Terrina al jerez (Sherry terrine)
This veal and chicken terrine is a garlicky adaptation of a recipe from Simone and Inés Ortega's book The Book of Tapas (ISBN 0714856134). Unlike like the terrines I have made before, this one uses lard, rather than solid pork fat.
- 400 g boneless, skinless chicken breasts or thighs
- 500 g veal, minced
- 100 g lard, softened, plus some extra
- 2 tablespoons breadcumbs
- 3 bulbs garlic, crushed
- 2 eggs, beaten
- 120 ml dry sherry
- 150 g Serrano ham, in one piece then cut into small strips
- Pre-heat the oven to 180C/gas 4.
- Heat some oil in a non-stick frying pan and brown the chicken breasts on each side for 2 minutes.
- Transfer to a small roasting tin and roast for 12 minutes, or until cooked.
- Remove from tin and allow to cool.
- Meanwhile, mix together the remaining ingredients, except of the Serrano ham.
- When the chicken has cooled, chop it roughly and add to the veal mixture.
- Reduce the oven temperature to 160° C (325° F - gas 3).
- Line a 1 kg bread pan or terrine with foil and grease the foil with the extra lard.
- Starting with the veal and chicken mixture, fill the terrine by layering alternately with the Serrano ham, ending with the veal.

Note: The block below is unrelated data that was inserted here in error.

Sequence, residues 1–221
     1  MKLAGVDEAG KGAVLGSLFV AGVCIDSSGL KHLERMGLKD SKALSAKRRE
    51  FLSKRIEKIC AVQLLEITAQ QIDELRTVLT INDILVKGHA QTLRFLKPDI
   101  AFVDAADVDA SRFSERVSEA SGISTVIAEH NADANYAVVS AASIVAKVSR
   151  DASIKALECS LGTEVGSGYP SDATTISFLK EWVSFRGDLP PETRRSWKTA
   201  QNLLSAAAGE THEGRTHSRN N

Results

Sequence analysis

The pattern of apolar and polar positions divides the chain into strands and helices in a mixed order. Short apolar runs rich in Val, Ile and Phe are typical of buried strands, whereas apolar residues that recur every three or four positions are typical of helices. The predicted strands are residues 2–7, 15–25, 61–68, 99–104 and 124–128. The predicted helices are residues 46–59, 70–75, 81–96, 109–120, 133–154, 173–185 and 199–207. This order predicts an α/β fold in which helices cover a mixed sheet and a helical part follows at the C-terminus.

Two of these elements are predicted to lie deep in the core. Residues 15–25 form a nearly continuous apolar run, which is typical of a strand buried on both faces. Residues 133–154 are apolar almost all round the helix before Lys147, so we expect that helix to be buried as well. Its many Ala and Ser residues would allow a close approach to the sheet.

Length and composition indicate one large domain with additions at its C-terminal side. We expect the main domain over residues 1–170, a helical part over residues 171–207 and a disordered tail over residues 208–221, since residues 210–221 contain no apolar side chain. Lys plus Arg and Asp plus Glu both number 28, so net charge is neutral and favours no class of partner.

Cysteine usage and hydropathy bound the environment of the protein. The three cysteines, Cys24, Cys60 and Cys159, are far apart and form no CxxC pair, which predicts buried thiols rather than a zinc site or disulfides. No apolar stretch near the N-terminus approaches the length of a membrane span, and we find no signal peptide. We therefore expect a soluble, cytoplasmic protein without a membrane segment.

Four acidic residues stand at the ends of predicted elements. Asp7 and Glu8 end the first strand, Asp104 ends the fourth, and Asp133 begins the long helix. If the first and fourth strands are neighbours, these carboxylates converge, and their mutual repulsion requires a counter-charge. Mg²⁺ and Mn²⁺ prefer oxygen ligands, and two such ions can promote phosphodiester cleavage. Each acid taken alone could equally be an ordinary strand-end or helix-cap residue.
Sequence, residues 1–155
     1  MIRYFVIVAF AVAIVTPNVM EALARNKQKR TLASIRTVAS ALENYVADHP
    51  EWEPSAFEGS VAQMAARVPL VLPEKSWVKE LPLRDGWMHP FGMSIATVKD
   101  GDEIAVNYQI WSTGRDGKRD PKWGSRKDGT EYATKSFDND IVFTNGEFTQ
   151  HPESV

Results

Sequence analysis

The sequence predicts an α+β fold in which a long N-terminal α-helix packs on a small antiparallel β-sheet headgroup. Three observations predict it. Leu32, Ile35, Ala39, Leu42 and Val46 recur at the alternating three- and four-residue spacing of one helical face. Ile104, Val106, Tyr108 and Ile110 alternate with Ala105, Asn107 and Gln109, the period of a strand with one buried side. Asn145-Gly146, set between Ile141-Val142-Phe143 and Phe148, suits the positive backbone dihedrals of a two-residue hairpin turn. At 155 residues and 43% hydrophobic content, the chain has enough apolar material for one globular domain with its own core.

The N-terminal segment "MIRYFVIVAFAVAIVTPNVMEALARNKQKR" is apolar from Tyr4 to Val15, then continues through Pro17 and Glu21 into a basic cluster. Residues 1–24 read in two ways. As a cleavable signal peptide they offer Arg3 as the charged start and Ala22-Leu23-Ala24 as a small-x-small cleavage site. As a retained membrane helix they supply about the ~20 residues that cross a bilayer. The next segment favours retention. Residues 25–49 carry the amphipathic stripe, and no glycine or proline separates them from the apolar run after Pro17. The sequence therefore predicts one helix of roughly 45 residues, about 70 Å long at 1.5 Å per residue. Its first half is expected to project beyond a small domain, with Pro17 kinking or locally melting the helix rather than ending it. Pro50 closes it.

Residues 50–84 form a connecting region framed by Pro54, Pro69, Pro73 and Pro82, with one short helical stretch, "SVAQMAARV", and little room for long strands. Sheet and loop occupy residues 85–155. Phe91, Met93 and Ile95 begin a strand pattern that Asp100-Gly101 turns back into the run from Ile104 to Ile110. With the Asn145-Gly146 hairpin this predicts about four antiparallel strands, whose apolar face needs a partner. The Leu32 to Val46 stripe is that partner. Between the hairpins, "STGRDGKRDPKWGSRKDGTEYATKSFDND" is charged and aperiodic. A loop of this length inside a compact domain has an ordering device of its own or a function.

- Cover the top of the terrine with double-thickness of tin foil, making a lengthways pleat to allow the steam to rise.
- Place the tin into a large roasting tin and fill it with hot water so that it comes half-way up the side of the bread tin. Add further water as and when it is necessary
- Cook for about two and a quarter hours, allowing an extra 15 minutes if the mixture has been refrigerated. The terrine is cooked when it has contracted from the sides of the tin and the juice runs yellow, when tested with a skewer.
- Remove from oven and whilst it is still hot, place several cans, eg tomatoes, horizontally and evenly on top of the foil, to press the terrine. Leave until completely cold.
- Chill for several hours or overnight, still weighted down.
- Remove the weights and foil and turn out onto clean foil.
- Wrap the foil around it and leave the pâté until it has been cold for at least 24 hours before cutting.
This terrine is very delicate, so be careful when slicing it.